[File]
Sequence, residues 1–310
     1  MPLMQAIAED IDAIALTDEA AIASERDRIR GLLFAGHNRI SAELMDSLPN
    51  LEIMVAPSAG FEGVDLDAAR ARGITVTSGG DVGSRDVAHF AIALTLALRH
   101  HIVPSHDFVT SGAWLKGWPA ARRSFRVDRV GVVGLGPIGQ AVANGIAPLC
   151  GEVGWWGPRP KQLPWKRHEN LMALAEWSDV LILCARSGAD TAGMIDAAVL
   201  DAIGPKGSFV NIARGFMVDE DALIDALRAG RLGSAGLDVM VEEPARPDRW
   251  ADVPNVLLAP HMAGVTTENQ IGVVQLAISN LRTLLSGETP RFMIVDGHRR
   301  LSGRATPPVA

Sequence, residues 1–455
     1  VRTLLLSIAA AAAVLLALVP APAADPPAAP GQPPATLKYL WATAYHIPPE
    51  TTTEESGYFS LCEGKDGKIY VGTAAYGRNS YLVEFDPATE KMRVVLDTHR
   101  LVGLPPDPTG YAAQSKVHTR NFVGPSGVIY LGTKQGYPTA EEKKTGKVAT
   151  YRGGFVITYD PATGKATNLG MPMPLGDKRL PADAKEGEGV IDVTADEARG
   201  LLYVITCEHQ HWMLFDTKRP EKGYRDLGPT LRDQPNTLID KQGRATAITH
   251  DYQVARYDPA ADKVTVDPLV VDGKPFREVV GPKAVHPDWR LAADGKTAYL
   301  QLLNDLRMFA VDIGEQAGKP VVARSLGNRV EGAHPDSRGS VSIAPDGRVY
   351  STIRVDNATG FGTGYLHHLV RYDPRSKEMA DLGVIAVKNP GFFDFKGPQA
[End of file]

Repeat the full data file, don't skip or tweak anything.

Sequence, residues 1–310
     1  MPLMQAIAED IDAIALTDEA AIASERDRIR GLLFAGHNRI SAELMDSLPN
    51  LEIMVAPSAG FEGVDLDAAR ARGITVTSGG DVGSRDVAHF AIALTLALRH
   101  HIVPSHDFVT SGAWLKGWPA ARRSFRVDRV GVVGLGPIGQ AVANGIAPLC
   151  GEVGWWGPRP KQLPWKRHEN LMALAEWSDV LILCARSGAD TAGMIDAAVL
   201  DAIGPKGSFV NIARGFMVDE DALIDALRAG RLGSAGLDVM VEEPARPDRW
   251  ADVPNVLLAP HMAGVTTENQ IGVVQLAISN LRTLLSGETP RFMIVDGHRR
   301  LSGRATPPVA

Sequence, residues 1–455
     1  VRTLLLSIAA AAAVLLALVP APAADPPAAP GQPPATLKYL WATAYHIPPE
    51  TTTEESGYFS LCEGKDGKIY VGTAAYGRNS YLVEFDPATE KMRVVLDTHR
   101  LVGLPPDPTG YAAQSKVHTR NFVGPSGVIY LGTKQGYPTA EEKKTGKVAT
   151  YRGGFVITYD PATGKATNLG MPMPLGDKRL PADAKEGEGV IDVTADEARG
   201  LLYVITCEHQ HWMLFDTKRP EKGYRDLGPT LRDQPNTLID KQGRATAITH
   251  DYQVARYDPA ADKVTVDPLV VDGKPFREVV GPKAVHPDWR LAADGKTAYL
   301  QLLNDLRMFA VDIGEQAGKP VVARSLGNRV EGAHPDSRGS VSIAPDGRVY
   351  STIRVDNATG FGTGYLHHLV RYDPRSKEMA DLGVIAVKNP GFFDFKGPQA